Wind Chimes: 3 Nov 2012

Ruth said [to Naomi], “Do not press me to leave you or to turn back from following you! Where you go, I will go; where you lodge, I will lodge; your people shall be my people, and your God my God. Where you die, I will die—there will I be buried. May the Lord do thus and so to me, and more as well, if even death parts me from you!”

Ruth 1:16-17 NRSV

The next two Sundays offer readings from the Book of Ruth. One commentator sets us on a deeper understanding of one of the treasures found in the Book: “Near the end of the book, the Bethlehemite women will articulate to Naomi what has been evident all along, that Ruth’s love is worth more than seven sons. Grace is walking right beside Naomi, unseen, yet refusing to leave her.” Let’s explore “being present.” ~dan

Persistent, pleasant, reminding us of the graces we receive through no effort of our own, the chimes sound. What do you hear?

Being Present

Being present in the spiritual life always has a double meaning. There’s present, as in here, in attendance. And there’s present, as in now, a moment of time. What is the spiritual practice of being present? Being here now.

The world’s religions all recommend living in the moment with full awareness. Zen Buddhism especially is known for its emphasis on “nowness.” Hindu, Taoist, Jewish, Moslem, Christian, and other teachers urge us to make the most of every day as an opportunity that will not come to us again.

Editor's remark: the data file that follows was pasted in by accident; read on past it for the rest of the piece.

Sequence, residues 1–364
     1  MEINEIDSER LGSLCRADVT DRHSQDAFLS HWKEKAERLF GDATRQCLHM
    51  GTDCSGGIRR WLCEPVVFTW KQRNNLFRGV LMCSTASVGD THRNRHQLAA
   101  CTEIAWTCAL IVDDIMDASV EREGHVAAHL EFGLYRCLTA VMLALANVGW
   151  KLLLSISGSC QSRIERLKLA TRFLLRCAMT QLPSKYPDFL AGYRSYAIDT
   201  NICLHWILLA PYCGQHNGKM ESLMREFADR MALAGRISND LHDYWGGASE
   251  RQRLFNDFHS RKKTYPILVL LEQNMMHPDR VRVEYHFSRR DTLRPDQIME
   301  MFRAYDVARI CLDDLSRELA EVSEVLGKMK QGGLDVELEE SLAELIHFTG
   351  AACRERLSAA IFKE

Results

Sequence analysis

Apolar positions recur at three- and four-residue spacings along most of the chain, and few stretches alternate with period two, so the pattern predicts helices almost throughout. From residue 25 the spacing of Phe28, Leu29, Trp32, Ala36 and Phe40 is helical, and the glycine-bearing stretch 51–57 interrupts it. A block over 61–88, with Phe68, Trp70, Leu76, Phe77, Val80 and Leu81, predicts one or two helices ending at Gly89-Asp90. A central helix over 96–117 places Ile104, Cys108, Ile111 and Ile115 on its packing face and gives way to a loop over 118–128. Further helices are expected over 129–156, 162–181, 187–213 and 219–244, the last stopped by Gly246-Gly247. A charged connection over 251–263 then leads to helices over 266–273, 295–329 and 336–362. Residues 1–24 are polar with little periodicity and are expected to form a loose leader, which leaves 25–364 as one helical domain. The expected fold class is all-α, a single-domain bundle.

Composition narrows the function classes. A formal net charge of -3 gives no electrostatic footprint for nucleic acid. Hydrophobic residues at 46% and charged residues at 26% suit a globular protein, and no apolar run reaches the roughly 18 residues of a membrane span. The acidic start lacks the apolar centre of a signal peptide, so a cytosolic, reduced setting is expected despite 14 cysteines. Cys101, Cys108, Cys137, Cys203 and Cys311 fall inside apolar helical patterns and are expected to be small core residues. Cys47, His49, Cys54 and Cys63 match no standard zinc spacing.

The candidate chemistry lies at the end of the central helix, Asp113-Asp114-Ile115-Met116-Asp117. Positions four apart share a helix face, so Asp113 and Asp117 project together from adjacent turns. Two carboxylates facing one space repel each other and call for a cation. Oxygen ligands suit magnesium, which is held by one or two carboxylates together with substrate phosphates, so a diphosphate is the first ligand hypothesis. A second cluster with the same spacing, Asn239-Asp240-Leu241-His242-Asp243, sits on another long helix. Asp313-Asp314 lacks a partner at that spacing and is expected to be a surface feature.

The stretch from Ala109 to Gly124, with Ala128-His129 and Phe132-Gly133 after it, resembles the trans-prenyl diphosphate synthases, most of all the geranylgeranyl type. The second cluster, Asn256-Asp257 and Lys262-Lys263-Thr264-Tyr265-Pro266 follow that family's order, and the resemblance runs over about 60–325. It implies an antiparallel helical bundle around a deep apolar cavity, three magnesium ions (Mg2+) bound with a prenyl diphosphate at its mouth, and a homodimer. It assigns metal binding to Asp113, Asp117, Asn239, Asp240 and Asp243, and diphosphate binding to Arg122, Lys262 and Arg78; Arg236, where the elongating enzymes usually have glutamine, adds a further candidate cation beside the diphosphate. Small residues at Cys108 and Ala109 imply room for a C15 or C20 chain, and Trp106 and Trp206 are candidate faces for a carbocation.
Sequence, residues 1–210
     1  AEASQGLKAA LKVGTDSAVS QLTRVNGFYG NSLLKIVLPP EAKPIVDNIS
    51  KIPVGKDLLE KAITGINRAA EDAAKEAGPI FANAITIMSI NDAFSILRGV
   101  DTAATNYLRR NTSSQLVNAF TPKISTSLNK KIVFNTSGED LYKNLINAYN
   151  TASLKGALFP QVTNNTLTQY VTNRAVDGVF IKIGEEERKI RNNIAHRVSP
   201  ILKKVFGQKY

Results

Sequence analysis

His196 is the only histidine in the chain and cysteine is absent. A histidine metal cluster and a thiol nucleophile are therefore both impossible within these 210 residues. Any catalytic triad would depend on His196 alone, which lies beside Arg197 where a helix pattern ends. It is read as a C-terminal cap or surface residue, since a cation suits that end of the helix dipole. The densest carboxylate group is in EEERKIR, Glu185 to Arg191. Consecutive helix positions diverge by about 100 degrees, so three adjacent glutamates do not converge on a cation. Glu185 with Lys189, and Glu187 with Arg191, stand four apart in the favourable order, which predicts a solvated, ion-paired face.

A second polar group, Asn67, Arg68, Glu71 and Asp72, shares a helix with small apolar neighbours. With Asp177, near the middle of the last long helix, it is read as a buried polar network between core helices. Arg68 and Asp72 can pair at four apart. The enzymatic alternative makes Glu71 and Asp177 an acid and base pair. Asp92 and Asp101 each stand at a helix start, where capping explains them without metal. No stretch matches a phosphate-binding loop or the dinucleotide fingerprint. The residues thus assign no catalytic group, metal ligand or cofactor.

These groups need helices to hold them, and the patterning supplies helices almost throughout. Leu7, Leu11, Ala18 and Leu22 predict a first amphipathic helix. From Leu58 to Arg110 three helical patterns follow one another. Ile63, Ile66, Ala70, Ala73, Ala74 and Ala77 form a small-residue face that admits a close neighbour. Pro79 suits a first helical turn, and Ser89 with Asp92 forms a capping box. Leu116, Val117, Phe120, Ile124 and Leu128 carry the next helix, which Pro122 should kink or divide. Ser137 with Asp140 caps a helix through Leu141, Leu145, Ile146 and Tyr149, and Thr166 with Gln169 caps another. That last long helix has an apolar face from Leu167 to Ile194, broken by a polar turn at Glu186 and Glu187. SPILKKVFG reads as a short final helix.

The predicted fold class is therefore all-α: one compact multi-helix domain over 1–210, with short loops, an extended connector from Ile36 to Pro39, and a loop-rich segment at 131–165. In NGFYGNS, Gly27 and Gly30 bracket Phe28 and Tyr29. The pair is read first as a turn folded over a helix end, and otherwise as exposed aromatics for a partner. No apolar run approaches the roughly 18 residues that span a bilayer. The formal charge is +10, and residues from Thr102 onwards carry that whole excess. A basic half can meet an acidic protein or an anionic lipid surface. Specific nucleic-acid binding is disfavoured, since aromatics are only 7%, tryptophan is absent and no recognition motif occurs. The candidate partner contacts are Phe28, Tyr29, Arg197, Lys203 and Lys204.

Also under the rubric of being present is the traditional spiritual exercise called practicing the presence of God. This means recognizing that God is here now moving through our everyday activities, no matter how trivial they might seem.

Being Present” a spiritual practice on Spirituality & Practice

Nature: ever present

“The last debate of the presidential season belongs to Mother Nature. Uninvited, unmentioned throughout the political debates on this most important of election seasons, Mother Nature, incarnated by Guabancex, Caribbean deity of weather systems, invites herself.” Read more on Indian Country Today Media Network

This understanding of Nature and the Creator is remarkably like the discovery of Job (see God’s ‘speech’ in Job 38 and Job’s response in Job 42). ~dan

ERD: Healing a hurting worldGive to the Hurricane Sandy Response Fund
administered by Episcopal Relief and Development

One great thing about growing old

One great thing about growing old is that nothing is going to lead to anything. Everything is of the moment.

Joseph Campbell in A Joseph Campbell Companion edited by Diane Osbon and quoted on Spirituality & Practice (Quotations for the Spiritual Practice of Being Present)

Commentary by Patricia Tull A.B. Rhodes Professor Emerita of Old Testament Louisville Presbyterian Seminary (Jeffersonville, IN) on

Photo: By Jkadavoor (Own work) [CC-BY-SA-3.0], via Wikimedia Commons ~dan

Wind Chimes: 14 Oct 2012

Is it a song of praise on the First Day of the Week? Is it a song of hope? Is it the lament of Job? Where is Grace to be found? Where is God to be found? The Spirit is constantly moving the chimes. What do you hear?